}

This doesn't work though, because I'm unable to pass my VertexArray class as a T[]. How can I amend this or otherwise accomplish the goal of doing outline calculations on the GPU without a custom shader?

share|improve this question
    
You should delete one post, you have created dupicated questions –  Cuong Le Sep 28 '12 at 5:09
    
@Cuong Le nice catch, deleted. –  Griffin Sep 28 '12 at 5:12
    
Um, I think you're under a misapprenhension here. GPUs are so amazingly blindingly faster than the CPU, you pretty much can't go wrong. In addition, it's sending things from CPU to GPU that's slow- you're taking the slowest route possible. –  Puppy Sep 28 '12 at 17:55
    
@DeadMG could I get a link on that? Any idea whether the XNA BasicEffect has to send such slow data anyway? –  Griffin Sep 28 '12 at 18:01

1 Answer 1

I am wondering why you dont simply write a class that draws the outline using pairs of thin triangles as lines? You could create a generalized polyline routine that receives an input of the 2d points and a width of the line and the routine spits out a VertexBuffer.

I realize this isn't answering your question but I cant see what the advantage is of trying to do it your way. Is there a specific effect you want to achieve or are you going to be manipulating the data very frequently or scaling the polygons alot?


The problem you are likely having is that XNA4 for Windows Phone 7 does not support custom shaders at all. In fact they purposefully limited it to a set of predefined shaders because of the number of permutations that would have to be tested. The ones currently supported are:

AlphaTestEffect BasicEffect EnvironmentMapEffect DualTextureEffect SkinnedEffect

You can read about them here:

http://msdn.microsoft.com/en-us/library/bb203872(v=xnagamestudio.40).aspx

I have not tested creating or utilizing a IVertexType with Vector2 position and normal and so I cant comment on if it is supported or not. If I were to do this I would use just the BasicEffect and VertexPositionNormal for the main polygonal shape rendering and adjust the DiffuseColor for each polygon. For rendering the outline you use the existing VertexBuffer and scale it appropriately by calling GraphicsDevice.Viewport.Unproject() to determine the 3d coordinate distance require to produce a n-pixel 2d screen distance(your outline width).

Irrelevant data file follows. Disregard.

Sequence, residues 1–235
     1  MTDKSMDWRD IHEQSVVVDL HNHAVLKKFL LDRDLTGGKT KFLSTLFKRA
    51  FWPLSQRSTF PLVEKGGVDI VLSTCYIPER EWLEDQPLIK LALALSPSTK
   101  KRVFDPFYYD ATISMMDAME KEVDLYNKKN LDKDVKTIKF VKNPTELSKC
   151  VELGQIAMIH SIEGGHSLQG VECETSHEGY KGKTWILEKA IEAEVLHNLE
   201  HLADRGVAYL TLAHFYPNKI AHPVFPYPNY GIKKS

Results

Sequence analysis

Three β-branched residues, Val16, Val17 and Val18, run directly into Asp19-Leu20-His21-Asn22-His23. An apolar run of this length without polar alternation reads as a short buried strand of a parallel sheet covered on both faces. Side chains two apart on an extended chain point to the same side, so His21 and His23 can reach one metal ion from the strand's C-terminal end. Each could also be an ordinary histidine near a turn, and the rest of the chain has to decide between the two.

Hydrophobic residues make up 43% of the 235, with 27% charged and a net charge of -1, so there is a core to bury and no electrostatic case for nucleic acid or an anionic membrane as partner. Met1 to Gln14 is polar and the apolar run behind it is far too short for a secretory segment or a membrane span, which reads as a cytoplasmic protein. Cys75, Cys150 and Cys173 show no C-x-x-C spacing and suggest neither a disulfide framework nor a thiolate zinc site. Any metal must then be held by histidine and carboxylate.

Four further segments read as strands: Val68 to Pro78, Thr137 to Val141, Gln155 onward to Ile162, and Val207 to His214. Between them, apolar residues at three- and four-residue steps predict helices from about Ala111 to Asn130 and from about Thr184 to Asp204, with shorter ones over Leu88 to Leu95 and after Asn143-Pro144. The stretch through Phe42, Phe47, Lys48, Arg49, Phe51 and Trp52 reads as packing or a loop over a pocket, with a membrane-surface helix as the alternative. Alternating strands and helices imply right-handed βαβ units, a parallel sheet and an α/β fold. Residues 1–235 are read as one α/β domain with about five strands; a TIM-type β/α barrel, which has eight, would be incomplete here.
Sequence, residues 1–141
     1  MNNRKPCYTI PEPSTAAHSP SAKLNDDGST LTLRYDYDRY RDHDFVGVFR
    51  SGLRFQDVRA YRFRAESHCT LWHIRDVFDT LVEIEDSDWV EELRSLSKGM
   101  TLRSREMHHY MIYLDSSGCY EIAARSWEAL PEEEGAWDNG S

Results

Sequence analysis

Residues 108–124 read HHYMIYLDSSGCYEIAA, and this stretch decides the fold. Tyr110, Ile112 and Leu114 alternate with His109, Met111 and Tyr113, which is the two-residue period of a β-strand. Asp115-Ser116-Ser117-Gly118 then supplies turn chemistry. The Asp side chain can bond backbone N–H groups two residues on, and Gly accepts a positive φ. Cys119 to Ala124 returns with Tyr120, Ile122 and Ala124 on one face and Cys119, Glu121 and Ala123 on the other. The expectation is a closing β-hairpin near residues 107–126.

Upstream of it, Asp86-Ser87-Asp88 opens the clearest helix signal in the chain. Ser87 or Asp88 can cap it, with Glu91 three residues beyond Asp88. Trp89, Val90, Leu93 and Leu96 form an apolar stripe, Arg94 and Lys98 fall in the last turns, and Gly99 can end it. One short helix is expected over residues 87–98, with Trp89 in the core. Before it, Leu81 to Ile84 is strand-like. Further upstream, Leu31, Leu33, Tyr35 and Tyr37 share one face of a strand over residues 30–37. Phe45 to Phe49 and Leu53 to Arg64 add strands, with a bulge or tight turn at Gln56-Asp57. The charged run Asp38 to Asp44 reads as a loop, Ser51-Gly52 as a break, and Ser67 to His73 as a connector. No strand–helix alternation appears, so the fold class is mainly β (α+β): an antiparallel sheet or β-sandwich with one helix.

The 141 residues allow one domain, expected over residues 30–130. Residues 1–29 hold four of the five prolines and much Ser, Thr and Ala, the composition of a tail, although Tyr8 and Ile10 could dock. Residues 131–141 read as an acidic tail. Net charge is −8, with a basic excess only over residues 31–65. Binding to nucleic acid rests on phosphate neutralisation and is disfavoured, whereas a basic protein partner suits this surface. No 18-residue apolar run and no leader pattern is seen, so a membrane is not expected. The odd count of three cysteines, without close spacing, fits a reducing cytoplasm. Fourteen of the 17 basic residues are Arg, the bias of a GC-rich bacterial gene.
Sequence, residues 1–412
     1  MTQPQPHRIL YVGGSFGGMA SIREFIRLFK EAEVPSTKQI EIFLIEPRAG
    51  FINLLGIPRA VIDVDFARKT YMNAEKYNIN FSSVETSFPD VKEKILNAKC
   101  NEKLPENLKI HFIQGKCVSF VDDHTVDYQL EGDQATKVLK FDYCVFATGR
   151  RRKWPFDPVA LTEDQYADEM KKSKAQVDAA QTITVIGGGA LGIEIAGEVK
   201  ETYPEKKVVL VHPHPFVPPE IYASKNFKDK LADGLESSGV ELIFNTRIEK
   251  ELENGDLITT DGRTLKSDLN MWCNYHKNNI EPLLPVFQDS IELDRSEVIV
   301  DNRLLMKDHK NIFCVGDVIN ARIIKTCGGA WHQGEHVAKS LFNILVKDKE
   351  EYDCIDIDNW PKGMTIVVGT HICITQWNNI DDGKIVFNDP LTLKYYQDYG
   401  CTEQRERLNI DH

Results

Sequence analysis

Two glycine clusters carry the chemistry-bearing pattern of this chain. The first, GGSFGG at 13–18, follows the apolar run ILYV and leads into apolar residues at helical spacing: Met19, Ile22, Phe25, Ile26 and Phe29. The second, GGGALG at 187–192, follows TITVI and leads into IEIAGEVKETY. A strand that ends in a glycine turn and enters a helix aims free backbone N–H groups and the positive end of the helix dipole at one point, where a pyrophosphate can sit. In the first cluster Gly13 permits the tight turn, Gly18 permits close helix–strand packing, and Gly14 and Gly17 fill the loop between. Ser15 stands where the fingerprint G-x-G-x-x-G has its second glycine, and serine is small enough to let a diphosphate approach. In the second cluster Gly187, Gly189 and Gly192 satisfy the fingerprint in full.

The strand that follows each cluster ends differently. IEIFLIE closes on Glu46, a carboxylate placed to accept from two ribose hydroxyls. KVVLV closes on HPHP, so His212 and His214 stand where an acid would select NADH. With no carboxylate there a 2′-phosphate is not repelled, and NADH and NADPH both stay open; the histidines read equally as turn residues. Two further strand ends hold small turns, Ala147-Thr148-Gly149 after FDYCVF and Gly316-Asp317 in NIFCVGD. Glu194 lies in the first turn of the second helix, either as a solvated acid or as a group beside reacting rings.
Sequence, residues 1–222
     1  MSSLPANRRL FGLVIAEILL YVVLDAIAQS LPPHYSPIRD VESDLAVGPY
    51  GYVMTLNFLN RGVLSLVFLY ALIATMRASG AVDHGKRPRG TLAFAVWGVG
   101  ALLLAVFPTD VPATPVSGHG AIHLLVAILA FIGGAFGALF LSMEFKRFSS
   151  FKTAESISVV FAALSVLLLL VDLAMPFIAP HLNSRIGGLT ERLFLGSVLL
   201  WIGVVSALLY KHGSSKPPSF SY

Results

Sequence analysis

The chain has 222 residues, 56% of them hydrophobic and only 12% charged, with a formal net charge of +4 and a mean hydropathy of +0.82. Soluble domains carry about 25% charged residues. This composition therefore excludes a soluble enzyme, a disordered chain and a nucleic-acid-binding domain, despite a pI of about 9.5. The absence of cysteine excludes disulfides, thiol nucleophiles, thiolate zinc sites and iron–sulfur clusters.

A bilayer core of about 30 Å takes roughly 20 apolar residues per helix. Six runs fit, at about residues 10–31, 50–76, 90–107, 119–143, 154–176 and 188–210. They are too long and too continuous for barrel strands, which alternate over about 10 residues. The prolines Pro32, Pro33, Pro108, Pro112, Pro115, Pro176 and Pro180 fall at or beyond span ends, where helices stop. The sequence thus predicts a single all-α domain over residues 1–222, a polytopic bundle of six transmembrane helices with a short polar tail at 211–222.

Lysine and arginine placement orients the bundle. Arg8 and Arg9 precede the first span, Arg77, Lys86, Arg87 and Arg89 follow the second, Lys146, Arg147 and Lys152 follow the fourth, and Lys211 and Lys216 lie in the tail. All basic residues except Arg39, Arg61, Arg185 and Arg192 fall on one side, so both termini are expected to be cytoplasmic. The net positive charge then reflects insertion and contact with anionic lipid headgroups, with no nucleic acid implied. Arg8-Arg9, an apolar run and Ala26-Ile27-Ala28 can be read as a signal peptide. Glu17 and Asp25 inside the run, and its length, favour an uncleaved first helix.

Remember that when you are using the BasicEffect, or any effect for that matter, that you have to loop through the EffectPass array of the CurrentTechnique and call the Apply() method for each pass before you make your Draw call.

        device.DepthStencilState = DepthStencilState.Default;
        device.BlendState = BlendState.AlphaBlend;
        device.RasterizerState = RasterizerState.CullCounterClockwise;

        //Set the appropriate vertex and indice buffers
        device.SetVertexBuffer(_polygonVertices);
        device.Indices = _polygonIndices;

        foreach (EffectPass pass in _worldEffect.CurrentTechnique.Passes)
        {
            pass.Apply();
            PApp.Graphics.DrawIndexedPrimitives(PrimitiveType.TriangleList, 0, 0, _polygonVertices.VertexCount, 0, _polygonIndices.IndexCount / 3);
        }
share|improve this answer
    
There will be a lot of scaling and mutations, and I want an effect that can be applied to any rasterized, orthogonal geometry –  Griffin Oct 17 '12 at 6:43
    
I am not sure what you are referring to as orthogonal geometry; is that just a technical term for your polygons rendered parallel to the viewport of an orthogonal projection? –  RobCurr Oct 18 '12 at 17:06
    
yes, so basically 2D geometry –  Griffin Oct 21 '12 at 2:38